Researchers have transformed normally timid lab mice into snapping, super-efficient killers by manipulating circuits in the brain's "fear center" — the amygdala.
Their findings show just where the predatory mechanism comes from in the brain, and show that, in mice, anyway, it links the muscles of the jaw, shoulder and forelimb. They work together to create a fast and efficient pounce.
It creates a somewhat horrifying scenario but sheds light on precisely where in the brain hunting skills are centered. It's a mechanism common to all higher animals, including humans.
The team used a technique called optogenetics to control the mice. It involves genetically modifying specific brain cells using a virus, and then employing a laser to activate the neurons.
Once they'd homed in on the correct circuit, the transformation was instant, the team reports in the journal Cell.
"We'd turn the laser on and they'd jump on an object, hold it with their paws and intensively bite it as if they were trying to capture and kill it," said Ivan de Araujo, an associate professor of psychiatry at the Yale University School of Medicine, who also works at the nearby John B. Pierce Laboratory.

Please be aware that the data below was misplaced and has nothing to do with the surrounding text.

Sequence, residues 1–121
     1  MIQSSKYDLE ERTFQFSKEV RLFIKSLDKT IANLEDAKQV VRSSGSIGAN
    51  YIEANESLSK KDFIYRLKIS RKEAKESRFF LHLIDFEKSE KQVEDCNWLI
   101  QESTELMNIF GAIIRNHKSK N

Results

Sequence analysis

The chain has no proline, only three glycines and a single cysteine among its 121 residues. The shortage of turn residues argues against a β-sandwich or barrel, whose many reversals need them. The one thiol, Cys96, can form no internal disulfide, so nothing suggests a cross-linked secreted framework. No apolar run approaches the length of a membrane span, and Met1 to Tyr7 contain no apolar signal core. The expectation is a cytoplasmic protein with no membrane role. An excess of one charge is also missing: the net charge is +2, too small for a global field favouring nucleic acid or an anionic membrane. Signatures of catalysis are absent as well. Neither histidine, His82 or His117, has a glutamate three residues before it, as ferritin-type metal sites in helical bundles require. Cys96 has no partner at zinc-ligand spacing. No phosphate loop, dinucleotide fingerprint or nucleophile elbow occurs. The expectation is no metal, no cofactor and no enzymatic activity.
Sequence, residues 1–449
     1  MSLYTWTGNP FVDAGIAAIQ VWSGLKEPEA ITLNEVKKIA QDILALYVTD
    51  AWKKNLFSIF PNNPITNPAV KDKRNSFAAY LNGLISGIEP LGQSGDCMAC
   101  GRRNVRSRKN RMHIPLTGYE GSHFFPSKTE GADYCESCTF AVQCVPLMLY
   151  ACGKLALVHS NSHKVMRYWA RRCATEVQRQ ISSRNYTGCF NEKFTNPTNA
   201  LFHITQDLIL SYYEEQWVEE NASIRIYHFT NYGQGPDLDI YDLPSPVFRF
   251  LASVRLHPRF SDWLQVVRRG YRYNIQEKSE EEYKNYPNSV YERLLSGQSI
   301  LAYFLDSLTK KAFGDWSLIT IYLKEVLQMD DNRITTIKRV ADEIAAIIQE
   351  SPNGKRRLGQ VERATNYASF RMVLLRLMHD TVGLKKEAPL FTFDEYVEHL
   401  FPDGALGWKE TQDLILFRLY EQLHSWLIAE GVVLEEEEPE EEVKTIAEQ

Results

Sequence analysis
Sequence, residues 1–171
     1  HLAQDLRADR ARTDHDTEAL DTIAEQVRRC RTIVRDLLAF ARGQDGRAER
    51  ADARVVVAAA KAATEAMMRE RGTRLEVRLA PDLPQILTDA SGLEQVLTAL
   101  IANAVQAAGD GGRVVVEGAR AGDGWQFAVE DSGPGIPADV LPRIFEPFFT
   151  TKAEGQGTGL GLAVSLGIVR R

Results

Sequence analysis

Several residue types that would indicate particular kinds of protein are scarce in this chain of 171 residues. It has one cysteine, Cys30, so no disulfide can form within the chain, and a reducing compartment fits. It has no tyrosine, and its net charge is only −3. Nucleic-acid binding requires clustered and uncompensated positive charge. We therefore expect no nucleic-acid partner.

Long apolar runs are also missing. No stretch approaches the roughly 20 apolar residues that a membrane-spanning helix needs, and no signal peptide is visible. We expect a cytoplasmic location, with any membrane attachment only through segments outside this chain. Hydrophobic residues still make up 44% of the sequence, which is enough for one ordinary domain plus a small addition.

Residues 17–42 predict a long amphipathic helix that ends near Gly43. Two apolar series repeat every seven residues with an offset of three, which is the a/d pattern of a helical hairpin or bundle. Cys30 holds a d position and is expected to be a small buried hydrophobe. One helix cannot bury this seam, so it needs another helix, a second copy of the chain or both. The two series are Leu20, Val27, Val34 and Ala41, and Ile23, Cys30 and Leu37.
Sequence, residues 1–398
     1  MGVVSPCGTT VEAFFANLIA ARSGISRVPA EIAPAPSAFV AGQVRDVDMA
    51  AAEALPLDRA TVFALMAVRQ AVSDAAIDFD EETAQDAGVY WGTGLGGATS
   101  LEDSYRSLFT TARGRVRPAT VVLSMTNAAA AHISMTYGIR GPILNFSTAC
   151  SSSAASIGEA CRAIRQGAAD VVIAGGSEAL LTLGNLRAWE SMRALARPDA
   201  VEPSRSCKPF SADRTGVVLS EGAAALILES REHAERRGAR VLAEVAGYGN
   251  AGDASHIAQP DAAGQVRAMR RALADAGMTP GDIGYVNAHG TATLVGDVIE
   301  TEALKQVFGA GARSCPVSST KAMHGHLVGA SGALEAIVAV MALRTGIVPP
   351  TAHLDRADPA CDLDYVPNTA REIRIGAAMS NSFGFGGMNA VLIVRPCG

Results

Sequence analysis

They've got movies showing how it works. When they're in their normal, natural state, the mice ignore sticks and other objects in their cages, and actively try to avoid a moving robotic toy.
When the laser pulses on, they instantly attack the objects, biting hard. They also pounced quickly on live crickets.
"Behavior was interrupted immediately upon laser deactivation. Such attacks were never observed when laser source was off," the team wrote.
It's almost irresistible to compare the mice to zombie killers, but de Araujo says the analogy is not quite fair. The laser activation does not prompt the mice to attack one another and it simply heightens natural hunting behavior.
But they do show that vertebrates — animals with a spine — have evolved a coordinated mechanism linking the brain to the jaws and to limbs needed to seize food.
"Our findings imply the central amygdala as a modular command system," de Araujo's team wrote. "It is a major evolutionarily player in shaping the brain," he added. "There must be some primordial subcortical pathway that connects sensory input to the movement of the jaw and the biting."
Not only that, but the brain cells control the jaw strength. When they damaged certain neurons, it weakened the bite of the mice. "They fail to deliver the killing bite," de Araujo said in a statement.